LatinaLista — Ever since the day after Thanksgiving, visions of tables covered with tamales, turkeys, hams, mole, buñuelos, churros, rompope, galletas, etc have been on the minds of just about everyone and anyone who associates Christmas with these traditional favorites.
Unfortunately, most people also associate gaining weight during Christmas too and making the usual promise of starting the New Year diet, only to quit. But one weight management specialist says that there is one sure way to stay on course for losing those extra holiday pounds — write it down!
“Keeping a food diary is like exercise, it will always help you lose if you do it consistently,” says Dr. Christopher J. Mosunic, a licensed clinical psychologist and registered dietitian who trained at Duke University’s famed weight loss clinic. More importantly, the writing habit “is one of the top predictors of weight loss success.”
Journaling about what you eat is like behavior therapy according to Dr. Mosunic who counsels many diabetic patients.
“I can split my patients into two groups. The food diary keepers and the non-keepers,” says Dr. Mosunic. “The people who keep diaries are usually very successful and I work with them for about 12 weeks. The people who don’t are people I sometimes see for years.” In terms of the diary keepers’ success he explains, “It’s not much different than taking notes in class. The more your write, the better you perform.”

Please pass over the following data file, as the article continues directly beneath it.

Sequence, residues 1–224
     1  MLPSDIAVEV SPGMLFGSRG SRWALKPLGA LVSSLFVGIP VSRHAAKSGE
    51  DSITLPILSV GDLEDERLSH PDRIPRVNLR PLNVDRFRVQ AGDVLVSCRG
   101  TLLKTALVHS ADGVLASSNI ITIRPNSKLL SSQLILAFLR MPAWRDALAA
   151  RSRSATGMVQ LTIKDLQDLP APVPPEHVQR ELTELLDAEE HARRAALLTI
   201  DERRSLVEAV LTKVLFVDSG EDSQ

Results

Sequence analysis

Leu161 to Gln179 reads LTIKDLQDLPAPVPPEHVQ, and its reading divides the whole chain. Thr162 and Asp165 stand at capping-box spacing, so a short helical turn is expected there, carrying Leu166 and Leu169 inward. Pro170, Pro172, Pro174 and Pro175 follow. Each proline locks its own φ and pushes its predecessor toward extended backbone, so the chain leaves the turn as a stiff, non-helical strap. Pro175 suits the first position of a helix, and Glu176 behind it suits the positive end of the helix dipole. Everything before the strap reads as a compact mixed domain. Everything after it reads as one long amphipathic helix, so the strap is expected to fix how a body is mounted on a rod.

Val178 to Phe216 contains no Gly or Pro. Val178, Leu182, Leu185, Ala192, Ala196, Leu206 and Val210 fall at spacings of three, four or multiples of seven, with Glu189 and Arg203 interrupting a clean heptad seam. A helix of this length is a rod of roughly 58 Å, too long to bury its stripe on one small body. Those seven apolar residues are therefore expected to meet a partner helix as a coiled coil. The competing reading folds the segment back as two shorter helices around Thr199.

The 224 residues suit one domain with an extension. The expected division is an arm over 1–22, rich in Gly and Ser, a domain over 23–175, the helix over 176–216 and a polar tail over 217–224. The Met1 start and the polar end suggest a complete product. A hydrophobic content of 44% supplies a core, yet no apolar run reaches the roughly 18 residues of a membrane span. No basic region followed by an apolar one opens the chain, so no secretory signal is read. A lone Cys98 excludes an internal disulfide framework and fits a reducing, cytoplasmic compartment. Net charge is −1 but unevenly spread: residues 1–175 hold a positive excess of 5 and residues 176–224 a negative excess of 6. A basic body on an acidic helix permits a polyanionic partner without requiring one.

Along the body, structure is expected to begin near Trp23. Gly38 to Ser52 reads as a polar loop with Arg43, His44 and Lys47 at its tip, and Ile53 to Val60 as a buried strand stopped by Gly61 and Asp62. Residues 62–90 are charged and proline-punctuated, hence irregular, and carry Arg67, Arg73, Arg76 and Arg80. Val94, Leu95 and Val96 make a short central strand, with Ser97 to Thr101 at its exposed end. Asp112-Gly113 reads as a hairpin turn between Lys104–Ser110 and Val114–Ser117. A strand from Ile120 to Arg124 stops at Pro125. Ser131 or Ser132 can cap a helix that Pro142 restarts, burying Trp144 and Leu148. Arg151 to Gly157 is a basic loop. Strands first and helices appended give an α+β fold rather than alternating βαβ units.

Dr. Mosunic believes that when people see what they are actually eating during the course of a day and how much of it, they begin to modify their own diets. While he believes that any kind of food journaling should be done while working with a doctor, he has some basic tips to make the exercise successful:
Keep it simple: “One of the worst mistakes I see my patients make is using these complex, computerized Internet-based programs,” he says. The best journals are easy to keep and understand. Some of the most straightforward computer-based programs can be found at Livestrong.com and Dailyplate.com. Dr. Mosunic keeps his own journals on Microsoft Word documents.
Write everything down: “Even the handful of chips or pretzels,” says Mosunic. “It’s part of the practice of just being responsible for what you consume.”
Share your journal: “It’s always best to have someone who reads it,” says Mosunic, noting some of his favorite food diaries have “junk food all over the pages.” The reason? “I know the patients are being honest!”
With Type 2 diabetes rising among Latinas and Latinos, losing weight means the difference between having a good or poor quality of life. Insulin shots, heart disease and other byproducts of being overweight are high prices to pay for doing something as simple as watching what we eat.